The decision makers, policy shapers and influencers in Destin have high hopes for the future.



Here's what City Manager Maryann Ustick, Mayor Sam Seevers, Councilmen Jim Foreman and Cyron Marler, and Chamber of Commerce President and CEO Shane Moody had to say when The Log asked them about "The Next Big Thing" in Destin.



 Maryann Ustick: City Council has recently updated the city’s strategic plan and has prioritized some critical and exciting projects including Norriego Point Stabilization, safe pedestrian crossings for Highway 98, transportation and park improvements, economic development and code enforcement. Aside from Norriego Point, I don’t have one “big project” to mention for Destin. The overall focus is on continuing to enhance our economic vitality and the quality of life for our residents. Our city staff is the essential resource to providing vital services to our residents, businesses and visitors and getting all the key projects done. Helping our staff be successful and make a difference for our city is my top priority for next year.



Sam Seevers: The next big thing for Destin should be no surprise to anyone since it has been talked about so much — the restoration and stabilization of Norriego Point. That is the top priority if we get the necessary grant funding from an outside source to make it happen. I would love to see us start on Royal Melvin Heritage Park to give everyone a harbor park. I would also like to have the pedestrian safety issue addressed on Hwy. 98.



 Jim Foreman: I guess the definition of a “big thing” for Destin is completing one or more of the major projects deemed urgent to the city’s needs. On that list are Norriego Point, the alternate route through Destin, parking, safe crossing of U.S. Hwy. 98, and maintaining sound financial policy. All of them are important. I can add one to the list that has no chance of success and that is a master storm water plan. With major rain levels in the last month, the storm water has nowhere to go. Much of it finds its way into the sewer system. What happens when the waste water plant overloads?



One of these “things” I find the most appealing is extension of the Harbor boardwalk under the Marler Bridge surfacing on the north side. A plan approved years ago is already in place. Most, if not all, property is available to complete a barebones walk that would enable pedestrians to freely move “under” U.S. 98 to existing parking on the north side. This location is the gateway to Destin and despite other newspaper editor’s objections to urban planning, the area can use some fixing up.



 Cyron Marler: My next big thing(s) of course, the boardwalk. I think the best shot would be the west end under the bridge. Secondly I would say at least one parking garage, maybe the one behind the community center. Just for fun I will also put the Highway 98 widening and crosswalk improvements on the list.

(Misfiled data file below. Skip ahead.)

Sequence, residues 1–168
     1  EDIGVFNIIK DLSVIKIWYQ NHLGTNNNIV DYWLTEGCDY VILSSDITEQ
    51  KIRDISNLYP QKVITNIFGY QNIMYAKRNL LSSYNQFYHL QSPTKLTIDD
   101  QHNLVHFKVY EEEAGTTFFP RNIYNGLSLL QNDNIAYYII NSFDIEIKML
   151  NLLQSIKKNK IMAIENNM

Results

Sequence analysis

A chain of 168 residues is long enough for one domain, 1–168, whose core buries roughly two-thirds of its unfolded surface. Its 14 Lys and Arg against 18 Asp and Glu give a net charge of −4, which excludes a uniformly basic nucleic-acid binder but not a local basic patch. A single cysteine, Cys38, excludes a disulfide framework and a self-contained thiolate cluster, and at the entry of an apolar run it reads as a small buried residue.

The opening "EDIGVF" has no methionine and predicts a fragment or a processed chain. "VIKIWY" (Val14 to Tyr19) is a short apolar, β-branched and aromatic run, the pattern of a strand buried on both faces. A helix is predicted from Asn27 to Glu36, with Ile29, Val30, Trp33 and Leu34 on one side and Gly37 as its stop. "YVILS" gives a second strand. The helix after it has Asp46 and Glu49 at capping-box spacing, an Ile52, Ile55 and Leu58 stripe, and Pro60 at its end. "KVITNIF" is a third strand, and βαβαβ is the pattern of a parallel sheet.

Shane Moody: I’m not sure of any growth trend we see right now, but one thing we’ve noticed is the change of demographics who are vacationing here.  It’s something that comes up at most of our board meetings, and I’m hearing it from many of our members as well.  While many tourists are still coming to Destin, they aren’t spending the money that was spent in years’ past.  We’re hearing from restaurant owners and store owners that traffic may be up, but revenue and profit are not, and in many cases, revenue and profit are down. We need to be very careful in how we market this community and the tourists were drawing here.  That’s a trend we don’t want to see.



We also still feel strongly in the need to look at economic diversification.  Yes, tourism is the life-blood of this community, but as things change, we need more economic stability. We’re soon going to feel the effects of sequestration when the thousands of furloughed employees aren’t out spending money in this local economy. 



And if the spending habits of tourists continue, we’re going to need a solid business base of good-paying jobs so that new money is flowing through our economy. This takes lots of vision and strong actions, so it’s something that won’t be easy.  However, it’s something that must be done.  We feel that with a new executive director of the EDC, we have a chance to start anew and build from opportunities that are there.  We’re always going to take care of the tourists, but we have to do more to build a business base outside of the tourism industry.